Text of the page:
NEWS

38 Studios Explains 'Reckoning' Online Pass, Bug Filled Demo


Kingdoms of Amalur: Reckoning developer 38 Studios has gone on the defense regarding reports that the game will contain an online pass of sorts.

According to a report over on Joystiq the online pass contained within copies of the game is actually DLC that is exclusive to new copies of the title. The DLC is the "House of Valor" questline and, according to the studio, was always intended to be the game's first bit of downloadable content.
“Instead of holding onto it and charging for it later, we opted to give it to everyone who purchases the game new, for free, on launch day,” read the statement.
The fact that the developer and publisher, EA, are calling the DLC an "online pass" is a new way to pass out content.

Also in the news was 38 Studios co-founder Curt Schilling, who recently took to NeoGAF to apologize for the Kingdoms of Amalur demo being so buggy.
“Let me start by apologizing, he said. “The demo? Ya, it is way way wayyyyy more buggy than anything ANYONE should ever release, much less a demo.

“A demo is supposed to be a demonstration of the game. In some ways, for you without buggy demos, it sort of is, but it’s just impossible to convey the depth of breadth of a game that has anywhere from 40-50 hours (main quest line play) to 2-300 hours (for completionist) in it at launch.

“That was exactly why we argued EA in favor of not having the demo. It’s also exactly why I was wrong, and EA was right. Yes there are people that were on the fence who now will not buy it, there were people who weren’t buying it anyway, who still aren’t, but the massive awareness and the insane amount of ‘had no idea about this game, now it’s a day one buy” and “was on the fence but am now sold” posts mean EA hit this one perfectly in intent.”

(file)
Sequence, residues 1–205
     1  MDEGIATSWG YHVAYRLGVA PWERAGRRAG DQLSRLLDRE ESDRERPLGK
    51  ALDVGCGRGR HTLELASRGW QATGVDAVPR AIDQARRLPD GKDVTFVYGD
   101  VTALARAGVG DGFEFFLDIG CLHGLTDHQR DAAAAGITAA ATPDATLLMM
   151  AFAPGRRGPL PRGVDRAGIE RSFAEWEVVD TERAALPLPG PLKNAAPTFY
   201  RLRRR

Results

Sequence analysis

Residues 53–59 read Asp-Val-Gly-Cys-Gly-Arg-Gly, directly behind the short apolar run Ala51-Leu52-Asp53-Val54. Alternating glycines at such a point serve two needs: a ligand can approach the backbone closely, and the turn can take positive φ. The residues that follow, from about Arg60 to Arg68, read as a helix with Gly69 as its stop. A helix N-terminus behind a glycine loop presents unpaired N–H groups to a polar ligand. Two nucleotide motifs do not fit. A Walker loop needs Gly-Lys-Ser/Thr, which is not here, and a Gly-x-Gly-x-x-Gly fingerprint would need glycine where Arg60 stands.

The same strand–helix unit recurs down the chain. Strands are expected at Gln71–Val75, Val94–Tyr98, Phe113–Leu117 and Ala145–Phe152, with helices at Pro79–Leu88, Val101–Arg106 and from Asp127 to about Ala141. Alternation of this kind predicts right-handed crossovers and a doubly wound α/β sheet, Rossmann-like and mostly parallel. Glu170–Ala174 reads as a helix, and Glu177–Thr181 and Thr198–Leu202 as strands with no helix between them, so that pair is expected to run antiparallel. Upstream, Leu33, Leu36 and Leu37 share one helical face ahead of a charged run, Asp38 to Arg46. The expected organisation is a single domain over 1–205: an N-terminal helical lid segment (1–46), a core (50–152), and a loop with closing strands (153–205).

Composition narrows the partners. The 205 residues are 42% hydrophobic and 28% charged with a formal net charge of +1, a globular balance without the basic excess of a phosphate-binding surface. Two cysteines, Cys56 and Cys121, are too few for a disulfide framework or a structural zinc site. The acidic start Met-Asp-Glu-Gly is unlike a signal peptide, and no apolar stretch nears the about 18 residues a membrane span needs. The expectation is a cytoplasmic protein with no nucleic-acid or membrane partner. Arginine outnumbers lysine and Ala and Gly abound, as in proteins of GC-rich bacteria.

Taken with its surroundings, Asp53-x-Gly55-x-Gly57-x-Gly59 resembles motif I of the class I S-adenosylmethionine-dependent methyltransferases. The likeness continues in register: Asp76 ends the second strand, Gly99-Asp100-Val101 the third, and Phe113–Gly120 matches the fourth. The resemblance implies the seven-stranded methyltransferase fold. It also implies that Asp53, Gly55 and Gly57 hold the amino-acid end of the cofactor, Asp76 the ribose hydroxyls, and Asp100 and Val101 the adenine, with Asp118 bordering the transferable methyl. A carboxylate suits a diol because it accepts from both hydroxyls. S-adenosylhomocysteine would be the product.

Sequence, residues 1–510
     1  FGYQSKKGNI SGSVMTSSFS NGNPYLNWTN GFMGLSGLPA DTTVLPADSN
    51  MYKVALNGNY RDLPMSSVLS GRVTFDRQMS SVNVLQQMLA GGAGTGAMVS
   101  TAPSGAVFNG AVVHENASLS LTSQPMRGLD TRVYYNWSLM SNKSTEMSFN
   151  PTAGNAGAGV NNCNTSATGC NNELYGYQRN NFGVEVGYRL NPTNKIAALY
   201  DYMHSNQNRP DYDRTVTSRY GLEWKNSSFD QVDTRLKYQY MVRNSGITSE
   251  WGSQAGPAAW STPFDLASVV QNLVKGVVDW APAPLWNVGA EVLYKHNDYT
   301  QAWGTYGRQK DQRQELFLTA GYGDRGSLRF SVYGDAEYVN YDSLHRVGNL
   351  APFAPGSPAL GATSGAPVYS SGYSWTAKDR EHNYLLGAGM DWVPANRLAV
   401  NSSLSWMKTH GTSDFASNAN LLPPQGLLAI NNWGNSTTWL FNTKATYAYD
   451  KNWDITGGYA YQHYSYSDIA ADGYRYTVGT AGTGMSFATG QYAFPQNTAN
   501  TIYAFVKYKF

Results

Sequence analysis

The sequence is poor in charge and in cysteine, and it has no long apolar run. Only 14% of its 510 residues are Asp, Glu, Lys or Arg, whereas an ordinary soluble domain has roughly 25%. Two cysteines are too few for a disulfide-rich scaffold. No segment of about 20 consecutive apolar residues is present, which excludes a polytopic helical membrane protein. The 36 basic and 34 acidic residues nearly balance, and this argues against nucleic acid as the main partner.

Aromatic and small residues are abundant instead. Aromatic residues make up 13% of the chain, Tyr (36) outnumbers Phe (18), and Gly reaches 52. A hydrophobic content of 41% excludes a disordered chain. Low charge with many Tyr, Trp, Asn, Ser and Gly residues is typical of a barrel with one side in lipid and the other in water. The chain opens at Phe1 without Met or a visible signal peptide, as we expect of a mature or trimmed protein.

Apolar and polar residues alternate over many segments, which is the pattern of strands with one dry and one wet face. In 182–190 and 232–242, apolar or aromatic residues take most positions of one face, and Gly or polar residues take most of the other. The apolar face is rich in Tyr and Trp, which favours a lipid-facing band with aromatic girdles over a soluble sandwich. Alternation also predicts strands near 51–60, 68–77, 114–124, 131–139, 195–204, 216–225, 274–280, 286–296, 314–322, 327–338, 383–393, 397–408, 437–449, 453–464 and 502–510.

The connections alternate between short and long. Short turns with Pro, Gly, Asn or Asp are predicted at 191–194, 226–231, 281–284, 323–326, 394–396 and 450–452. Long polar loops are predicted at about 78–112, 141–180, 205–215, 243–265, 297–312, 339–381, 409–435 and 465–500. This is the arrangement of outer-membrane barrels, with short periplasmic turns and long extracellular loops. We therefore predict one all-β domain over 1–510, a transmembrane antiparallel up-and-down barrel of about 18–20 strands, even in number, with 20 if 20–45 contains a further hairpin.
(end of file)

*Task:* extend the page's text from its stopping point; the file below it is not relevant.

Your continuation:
Schilling made note that the demo was from an old build of the game and certainly did not represent the final product.
“I am sure they made the best demo they could but as a studio packed to the gills with gamers, we refuse to believe code has to be unplayably buggy at launch, it doesn’t,” he said. “So to those that have had a horrid demo experience, I’m sorry, it’s on us, our name is the name on the box we care about.

“That is not going to change your demo experience, that is likely not going to make you buy it if you decided against it, but you spent your time (which is every bit as valuable to us as your money) playing something we made, and we owe you that much. It’s why, even though it’s painful, reading the good with the bad is essential. If you don’t listen to players you stop making games players want to play, and that sucks.”
Kingdoms of Amalur: Reckoning is out early February for the PlayStation 3, Xbox 360, and PC.